At 6’7″, Dudley has connected on treys 39.2% of the time throughout his career. He’s having a down year, but the anomalistic nature of his struggle this season could be a result of usage or limited minutes. With the shooting prowess of a shooting guard, the body of a small forward, and the versatility of a power forward, Dudley would be an ideal candidate for this team in that his game and body would allow him to fit any lineup the Sixers put on the court.
Trevor Ariza (Phoenix Suns)
The Suns (4-18) are in the business of developing young assets in the hopes that they can find young stars on rookie deals that they can build around, and then maybe land a superstar on max money to complete the foundation of their future. Suffice it to say, Trevor Ariza, a 33-year-old role player who has traveled around the NBA as a 3-and-D swingman, is not part of that future.
At 6’8″, Ariza is built exactly like Robert Covington. Even more similarly, he shoots the long ball at a 35% clip for his career (and he is right on his career average this season, so no decline). To pick up Trevor Ariza would be to clone “Big Shot Bob” a few years after his prime. The best part about Ariza is that, similar to Covington, his mentality as a shooter, his skill set, and his body promote positional versatility across the shooting guard, small forward, and power forward spots. Whether he starts for Wilson Chandler or comes off the bench, Trevor Ariza would be a huge asset for this team on both sides of the ball.
Courtney Lee (New York Knicks)
The Knicks fit in between the Nets and Suns on the lottery spectrum. They are objectively not good enough to contend for even a playoff birth this season, but they are not just mailing it in like the Suns are. It is only a matter of time before they surrender, and when they do, they will want to get rid of older role players like Courtney Lee, whose $12.7 million salary for next season would eat into the money they can offer players like Kevin Durant and Kyrie Irving. They should want to get him off of their books as soon as possible. When they do, I can think of one team who could use the veteran shooting guard’s services. Lee is a 39% career three-point shooter, which is on the border of sniper territory.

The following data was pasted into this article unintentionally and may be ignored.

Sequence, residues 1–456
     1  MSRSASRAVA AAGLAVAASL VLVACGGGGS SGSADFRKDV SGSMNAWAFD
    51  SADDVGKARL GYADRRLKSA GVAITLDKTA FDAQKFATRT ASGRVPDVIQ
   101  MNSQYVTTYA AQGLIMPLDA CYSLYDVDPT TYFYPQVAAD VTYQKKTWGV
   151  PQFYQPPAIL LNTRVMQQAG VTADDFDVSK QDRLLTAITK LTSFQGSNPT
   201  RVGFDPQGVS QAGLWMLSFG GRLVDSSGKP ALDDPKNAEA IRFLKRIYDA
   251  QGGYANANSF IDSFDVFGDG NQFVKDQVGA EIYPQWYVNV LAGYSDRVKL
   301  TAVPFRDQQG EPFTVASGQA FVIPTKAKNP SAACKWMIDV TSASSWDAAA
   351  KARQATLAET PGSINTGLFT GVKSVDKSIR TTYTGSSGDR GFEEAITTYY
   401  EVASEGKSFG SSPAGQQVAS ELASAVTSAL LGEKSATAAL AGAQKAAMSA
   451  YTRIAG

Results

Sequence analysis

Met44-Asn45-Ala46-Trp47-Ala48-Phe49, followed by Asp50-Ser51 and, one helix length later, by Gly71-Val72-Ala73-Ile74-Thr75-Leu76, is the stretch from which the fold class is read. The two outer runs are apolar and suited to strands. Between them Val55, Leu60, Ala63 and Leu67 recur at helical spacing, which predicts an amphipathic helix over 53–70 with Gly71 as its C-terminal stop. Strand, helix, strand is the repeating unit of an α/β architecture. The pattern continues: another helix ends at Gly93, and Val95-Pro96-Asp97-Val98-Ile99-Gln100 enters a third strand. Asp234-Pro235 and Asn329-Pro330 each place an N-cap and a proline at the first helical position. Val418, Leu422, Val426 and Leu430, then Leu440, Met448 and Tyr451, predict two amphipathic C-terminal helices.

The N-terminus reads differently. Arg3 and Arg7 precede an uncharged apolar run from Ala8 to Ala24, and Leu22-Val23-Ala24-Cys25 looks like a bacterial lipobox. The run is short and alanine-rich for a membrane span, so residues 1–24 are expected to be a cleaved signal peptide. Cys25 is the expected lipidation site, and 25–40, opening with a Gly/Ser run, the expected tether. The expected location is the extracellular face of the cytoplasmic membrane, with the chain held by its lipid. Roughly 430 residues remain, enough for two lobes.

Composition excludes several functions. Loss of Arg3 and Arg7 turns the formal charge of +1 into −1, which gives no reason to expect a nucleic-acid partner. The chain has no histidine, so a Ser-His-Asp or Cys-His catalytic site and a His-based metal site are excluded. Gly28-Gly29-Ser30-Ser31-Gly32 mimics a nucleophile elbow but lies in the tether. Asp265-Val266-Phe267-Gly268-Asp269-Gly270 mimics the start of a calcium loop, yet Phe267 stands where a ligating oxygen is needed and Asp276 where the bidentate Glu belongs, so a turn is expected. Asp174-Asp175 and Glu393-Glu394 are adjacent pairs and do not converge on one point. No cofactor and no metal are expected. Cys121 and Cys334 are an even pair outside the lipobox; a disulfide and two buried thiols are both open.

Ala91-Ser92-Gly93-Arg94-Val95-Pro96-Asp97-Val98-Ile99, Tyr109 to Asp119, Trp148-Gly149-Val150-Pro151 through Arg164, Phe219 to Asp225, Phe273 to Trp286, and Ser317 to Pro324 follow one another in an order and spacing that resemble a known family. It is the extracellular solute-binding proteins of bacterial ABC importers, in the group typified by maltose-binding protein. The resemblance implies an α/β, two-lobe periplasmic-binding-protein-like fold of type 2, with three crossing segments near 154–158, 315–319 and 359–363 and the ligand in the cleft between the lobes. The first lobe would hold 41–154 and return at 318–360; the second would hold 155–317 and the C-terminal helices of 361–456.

At 6’5″, he won’t offer the positional versatility that guys like Ariza, Dudley, and Carroll offer, but he does add needed shooting off the bench. What I really like is the combinations that would result from adding Lee to the bench. If Elton Brand can pick him up, that would, in theory, slide Shamet over to the point guard spot. Since Shamet is often the shooting guard when Ben Simmons’ minutes are staggered to run with the bench, Shamet sliding to the one would put Ben at one of the forward spots.With Ben operating as point forward, Shamet and Lee on the wings, Muscala at the center spot, and whoever you want at the other forward spot, that lineup would be a deadly lineup to complement Embiid, Jimmy, and JJ when they need a breather.
Now for the tricky part.
Dewayne Dedmon (Atlanta Hawks — $7.2 million/1 year)
With Amir Johnson declining to the point of being out of the rotation by the quarter point in the season, the Sixers could use an extra big. This would allow them to slide Muscala down to the four to provide the stretch capability that most power forwards offer. With it being known that Furkan Korkmaz wants out after his team option was declined, it would make sense for the Sixers to offer up a young asset like Korkmaz for a big man who is nothing more than a role player, like Dewayne Dedmon.
For the salaries to fall within acceptable range of each other, Dario Saric’s trade exception would have to be used. However, one could make the case that that trade exception should be saved in the event that a more substantial offer to improve the team is on the table and the exception is required to make it doable.
Justin Holiday (Chicago Bulls — $4.4 million/1 year)
As currently constructed, the Bulls roster feels like it is composed of 5 point guards and 7 power forwards. There’s a clear log jam at those two positions. And with the Bulls’ future lying in the hands of Wendell Carter Jr. at center and Lauri Markkanen at power forward, the Bulls are looking to go young at the wing spots.